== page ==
Both tackle the bathrooms of their three-bedroom, three-bathroom house. The couple, married for 11 years, says keeping a clean house was never an issue until they had two sons, Charlie, 8, and Teddy, 4. There's a lot more picking up to do, she says.

A couple of things help them: There's a designated playroom that keeps most toys out of sight. And Larry Ecker built cabinets and shelves in the basement to pack items away.

During Saturday cleaning, he usually wears headphones and listens to sports. "It helps to focus on something else," he says.

House cleaning isn't just about beautifying the home, says Mary Gerstenberger, a teacher with the Michigan State University Extension. A clean house makes for a happy, healthier home, she says.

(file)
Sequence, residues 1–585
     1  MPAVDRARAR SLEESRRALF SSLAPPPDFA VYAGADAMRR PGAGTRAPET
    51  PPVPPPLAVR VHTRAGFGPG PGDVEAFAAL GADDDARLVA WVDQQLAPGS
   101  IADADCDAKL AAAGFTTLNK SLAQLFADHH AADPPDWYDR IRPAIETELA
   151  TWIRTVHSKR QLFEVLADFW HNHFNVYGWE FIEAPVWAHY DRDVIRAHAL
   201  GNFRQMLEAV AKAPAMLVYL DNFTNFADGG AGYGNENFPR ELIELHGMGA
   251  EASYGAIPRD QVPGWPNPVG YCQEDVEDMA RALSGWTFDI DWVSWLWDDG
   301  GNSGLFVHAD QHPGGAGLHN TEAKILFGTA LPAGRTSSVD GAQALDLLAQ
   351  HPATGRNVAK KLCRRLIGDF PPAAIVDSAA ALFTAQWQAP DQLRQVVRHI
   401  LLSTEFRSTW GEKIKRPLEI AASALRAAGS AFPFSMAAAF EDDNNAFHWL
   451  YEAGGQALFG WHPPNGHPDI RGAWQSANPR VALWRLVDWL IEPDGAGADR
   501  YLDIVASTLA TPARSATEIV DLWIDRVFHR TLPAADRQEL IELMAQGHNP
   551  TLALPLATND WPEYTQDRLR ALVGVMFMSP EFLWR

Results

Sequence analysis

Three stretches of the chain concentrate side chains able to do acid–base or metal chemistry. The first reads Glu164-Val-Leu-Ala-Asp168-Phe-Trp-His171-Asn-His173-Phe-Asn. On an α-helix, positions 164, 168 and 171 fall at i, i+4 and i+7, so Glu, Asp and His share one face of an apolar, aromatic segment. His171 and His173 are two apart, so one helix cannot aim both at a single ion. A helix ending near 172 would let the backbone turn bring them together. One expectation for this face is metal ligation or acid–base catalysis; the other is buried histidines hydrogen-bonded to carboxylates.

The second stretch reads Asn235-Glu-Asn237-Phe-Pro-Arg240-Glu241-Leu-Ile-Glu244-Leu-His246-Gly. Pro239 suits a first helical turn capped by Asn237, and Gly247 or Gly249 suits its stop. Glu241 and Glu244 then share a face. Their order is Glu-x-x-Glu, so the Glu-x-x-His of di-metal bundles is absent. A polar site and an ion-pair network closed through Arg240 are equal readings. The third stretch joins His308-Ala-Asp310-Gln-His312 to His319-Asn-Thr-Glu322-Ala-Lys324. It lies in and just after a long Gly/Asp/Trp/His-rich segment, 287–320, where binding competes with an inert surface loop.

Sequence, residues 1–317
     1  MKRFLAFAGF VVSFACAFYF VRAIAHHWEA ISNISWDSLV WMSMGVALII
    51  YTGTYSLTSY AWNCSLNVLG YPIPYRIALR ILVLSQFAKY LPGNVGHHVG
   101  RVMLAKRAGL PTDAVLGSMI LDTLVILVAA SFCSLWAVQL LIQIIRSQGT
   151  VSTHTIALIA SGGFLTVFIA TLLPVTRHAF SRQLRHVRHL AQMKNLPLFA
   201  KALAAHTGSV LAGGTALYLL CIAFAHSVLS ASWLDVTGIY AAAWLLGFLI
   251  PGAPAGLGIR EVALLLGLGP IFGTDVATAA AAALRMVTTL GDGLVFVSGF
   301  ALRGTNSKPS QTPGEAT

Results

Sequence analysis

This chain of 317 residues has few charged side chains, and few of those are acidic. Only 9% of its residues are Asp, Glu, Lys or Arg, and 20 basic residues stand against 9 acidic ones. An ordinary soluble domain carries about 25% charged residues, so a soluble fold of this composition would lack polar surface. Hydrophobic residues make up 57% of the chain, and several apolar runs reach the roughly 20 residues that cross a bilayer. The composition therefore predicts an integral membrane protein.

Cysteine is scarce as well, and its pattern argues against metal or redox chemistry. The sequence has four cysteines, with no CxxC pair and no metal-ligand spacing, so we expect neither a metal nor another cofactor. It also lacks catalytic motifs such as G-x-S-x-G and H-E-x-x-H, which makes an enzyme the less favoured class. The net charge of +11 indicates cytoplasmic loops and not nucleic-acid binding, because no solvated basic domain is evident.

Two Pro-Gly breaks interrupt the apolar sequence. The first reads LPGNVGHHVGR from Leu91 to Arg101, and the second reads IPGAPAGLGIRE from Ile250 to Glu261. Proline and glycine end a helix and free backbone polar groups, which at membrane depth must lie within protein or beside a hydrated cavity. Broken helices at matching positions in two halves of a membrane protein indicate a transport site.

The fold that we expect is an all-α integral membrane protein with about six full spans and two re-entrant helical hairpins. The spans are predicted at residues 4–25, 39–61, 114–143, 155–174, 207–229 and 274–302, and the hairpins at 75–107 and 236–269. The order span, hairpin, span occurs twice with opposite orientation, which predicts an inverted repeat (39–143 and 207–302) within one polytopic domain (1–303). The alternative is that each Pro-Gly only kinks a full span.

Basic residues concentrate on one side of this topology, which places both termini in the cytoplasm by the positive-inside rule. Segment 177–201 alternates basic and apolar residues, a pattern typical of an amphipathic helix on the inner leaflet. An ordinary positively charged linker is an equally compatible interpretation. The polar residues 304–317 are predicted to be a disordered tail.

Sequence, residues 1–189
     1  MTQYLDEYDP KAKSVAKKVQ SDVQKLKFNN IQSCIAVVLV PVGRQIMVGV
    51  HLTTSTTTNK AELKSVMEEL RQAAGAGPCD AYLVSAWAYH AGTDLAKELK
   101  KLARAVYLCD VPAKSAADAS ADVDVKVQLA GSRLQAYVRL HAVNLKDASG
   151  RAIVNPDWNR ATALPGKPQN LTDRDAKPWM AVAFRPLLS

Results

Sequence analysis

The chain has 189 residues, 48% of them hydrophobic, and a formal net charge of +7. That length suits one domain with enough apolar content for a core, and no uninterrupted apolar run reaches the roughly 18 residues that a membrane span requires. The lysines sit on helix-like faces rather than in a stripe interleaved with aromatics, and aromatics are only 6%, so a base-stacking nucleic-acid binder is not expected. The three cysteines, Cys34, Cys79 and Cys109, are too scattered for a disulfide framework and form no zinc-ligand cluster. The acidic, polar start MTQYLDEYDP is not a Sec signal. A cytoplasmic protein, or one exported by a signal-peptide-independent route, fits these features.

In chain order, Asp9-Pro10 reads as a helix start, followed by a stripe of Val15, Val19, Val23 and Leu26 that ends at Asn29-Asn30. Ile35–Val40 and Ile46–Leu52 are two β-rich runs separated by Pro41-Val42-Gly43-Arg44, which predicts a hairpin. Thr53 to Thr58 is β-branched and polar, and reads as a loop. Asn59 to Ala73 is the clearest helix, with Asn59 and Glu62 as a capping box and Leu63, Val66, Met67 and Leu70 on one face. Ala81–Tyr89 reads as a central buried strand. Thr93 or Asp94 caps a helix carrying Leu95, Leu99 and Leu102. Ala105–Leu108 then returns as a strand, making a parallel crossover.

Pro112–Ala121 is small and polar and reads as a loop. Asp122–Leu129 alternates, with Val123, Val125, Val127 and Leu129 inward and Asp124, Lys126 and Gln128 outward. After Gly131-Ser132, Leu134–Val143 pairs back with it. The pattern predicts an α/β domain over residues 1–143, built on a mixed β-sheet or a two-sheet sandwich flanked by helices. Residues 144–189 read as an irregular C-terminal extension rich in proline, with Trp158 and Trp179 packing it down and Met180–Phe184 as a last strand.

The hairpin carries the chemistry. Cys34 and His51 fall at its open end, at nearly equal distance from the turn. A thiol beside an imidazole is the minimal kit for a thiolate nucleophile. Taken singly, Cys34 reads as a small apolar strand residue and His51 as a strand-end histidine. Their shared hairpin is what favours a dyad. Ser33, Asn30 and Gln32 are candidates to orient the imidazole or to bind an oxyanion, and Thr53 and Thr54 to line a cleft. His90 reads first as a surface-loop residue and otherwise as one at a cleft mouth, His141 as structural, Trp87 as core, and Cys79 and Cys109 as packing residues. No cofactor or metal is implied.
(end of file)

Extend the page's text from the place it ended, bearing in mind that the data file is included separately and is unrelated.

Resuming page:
"Dirt aggravates allergies and other health issues," Gerstenberger says. "People feel less stressed in a clean house. When there's dirt and clutter around, people are more irritated and stressed out. The atmosphere we live in affects our attitudes."

Miranda Walker, a hairdresser-turned-professional housecleaner, has an old-school approach to keeping her house tidy.

"I stay ready so I don't have to get ready," says Walker, who began Miranda's — the Miracle Workers cleaning company in 2000 after friends continually complimented her on her spotless home.

"I've just always enjoyed cleaning house," Walker says. "I remember when I was a little girl, all my mother's girlfriends wished they had me for a daughter because my mother would come home from work and I'd have the whole house clean.

"Cleaning for me is therapeutic," says Walker, 50. "It's relaxing. When you're doing your joy, it's not a job."

Walker works a full-time job cleaning a GM office building, and has two part-time jobs — cleaning private homes and doing hair.

Every day she cleans some part of her house before leaving for her 6 a.m. GM job. "I put a load of clothes in the machine before I brush my teeth," Walker says.